But it appeared the difference reflects more accurate counting procedures, not more escapes, the official said. Only about 30 of the 4,000 British citizens in Kuwait have been able to get out of Kuwait, a Foreign Office spokesman said in London yesterday.

The U.S. official said the actual number of Americans successfully fleeing was "probably closer" to the British figure.

In addition to the 2,500 U.S. private citizens in Kuwait, the State Department said there are another 120 American diplomats and their dependents in the country. An estimated 500 Americans are in Iraq.

Officials of U.S. companies with employees in the region said those able to get out did so in the early days of the Iraqi invasion and that the border is more heavily guarded now.

Few Americans have been able to leave in recent days, and U.S. officials, reacting to the shooting of a British businessman by an Iraqi soldier, have advised Americans not to try.

Asked about the possibility of Americans being caught in a possible military action, Bush said yesterday he was "never willing to sacrifice the life of any American" but he "didn't have {the} feeling" that Iraq was using the Americans as a shield. "When people are held against their will or delayed from leaving, it troubles me."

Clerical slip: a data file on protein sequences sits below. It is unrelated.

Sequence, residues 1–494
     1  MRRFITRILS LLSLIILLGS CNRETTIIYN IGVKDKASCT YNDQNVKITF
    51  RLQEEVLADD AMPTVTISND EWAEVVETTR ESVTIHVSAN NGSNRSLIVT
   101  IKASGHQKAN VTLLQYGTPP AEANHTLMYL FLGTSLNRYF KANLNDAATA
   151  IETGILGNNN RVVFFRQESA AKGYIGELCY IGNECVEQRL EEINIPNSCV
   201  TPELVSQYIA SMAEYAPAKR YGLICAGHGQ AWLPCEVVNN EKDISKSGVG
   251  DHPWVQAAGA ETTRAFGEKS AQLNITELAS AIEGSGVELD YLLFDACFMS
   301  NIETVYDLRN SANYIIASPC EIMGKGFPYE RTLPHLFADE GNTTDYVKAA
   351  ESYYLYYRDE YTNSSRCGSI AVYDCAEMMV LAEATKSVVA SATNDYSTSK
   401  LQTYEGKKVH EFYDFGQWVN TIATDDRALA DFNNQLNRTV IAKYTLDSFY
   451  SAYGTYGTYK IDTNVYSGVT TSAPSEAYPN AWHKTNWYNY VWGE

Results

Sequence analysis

For some families of those being detained, the sense of worry has gradually heightened.

"It's been kind of growing . . .a little bit of fear and maybe anxiety," said the Rev. Edwin Davis of Koran, La., whose daughter, two grandchildren and Kuwait-born son-in-law were caught in the country by the Iraqi invasion. "If things break out there, they are doomed because of that guy {Iraqi President Saddam Hussein}," said the minister. ". . .I hope he does give up and say it was all a bad mistake."

Michael Saba, 48, an Illinois businessman who escaped from Baghdad last Wednesday by sharing a $100 taxi ride with a Northern Virginia executive, said the Americans who have managed to flee Kuwait and Iraq tended to be experienced, savvy Middle Eastern experts who were willing to take a risk.